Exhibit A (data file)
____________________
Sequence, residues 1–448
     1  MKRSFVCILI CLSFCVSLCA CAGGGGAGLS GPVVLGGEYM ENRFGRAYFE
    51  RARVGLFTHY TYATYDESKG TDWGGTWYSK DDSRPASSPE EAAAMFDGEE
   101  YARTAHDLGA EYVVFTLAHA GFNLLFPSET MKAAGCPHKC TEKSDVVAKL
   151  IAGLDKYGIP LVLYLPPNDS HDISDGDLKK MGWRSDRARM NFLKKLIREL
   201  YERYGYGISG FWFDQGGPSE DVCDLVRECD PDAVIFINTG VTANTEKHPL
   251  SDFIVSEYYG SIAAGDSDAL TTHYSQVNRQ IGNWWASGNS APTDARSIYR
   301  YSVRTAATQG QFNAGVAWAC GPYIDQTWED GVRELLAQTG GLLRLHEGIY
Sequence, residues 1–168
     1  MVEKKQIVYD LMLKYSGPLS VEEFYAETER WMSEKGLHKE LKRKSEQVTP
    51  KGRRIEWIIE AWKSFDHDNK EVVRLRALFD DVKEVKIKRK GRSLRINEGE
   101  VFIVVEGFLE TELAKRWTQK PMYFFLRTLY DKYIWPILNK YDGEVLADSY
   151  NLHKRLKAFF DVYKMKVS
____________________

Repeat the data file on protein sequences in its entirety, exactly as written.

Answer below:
Sequence, residues 1–448
     1  MKRSFVCILI CLSFCVSLCA CAGGGGAGLS GPVVLGGEYM ENRFGRAYFE
    51  RARVGLFTHY TYATYDESKG TDWGGTWYSK DDSRPASSPE EAAAMFDGEE
   101  YARTAHDLGA EYVVFTLAHA GFNLLFPSET MKAAGCPHKC TEKSDVVAKL
   151  IAGLDKYGIP LVLYLPPNDS HDISDGDLKK MGWRSDRARM NFLKKLIREL
   201  YERYGYGISG FWFDQGGPSE DVCDLVRECD PDAVIFINTG VTANTEKHPL
   251  SDFIVSEYYG SIAAGDSDAL TTHYSQVNRQ IGNWWASGNS APTDARSIYR
   301  YSVRTAATQG QFNAGVAWAC GPYIDQTWED GVRELLAQTG GLLRLHEGIY
Sequence, residues 1–168
     1  MVEKKQIVYD LMLKYSGPLS VEEFYAETER WMSEKGLHKE LKRKSEQVTP
    51  KGRRIEWIIE AWKSFDHDNK EVVRLRALFD DVKEVKIKRK GRSLRINEGE
   101  VFIVVEGFLE TELAKRWTQK PMYFFLRTLY DKYIWPILNK YDGEVLADSY
   151  NLHKRLKAFF DVYKMKVS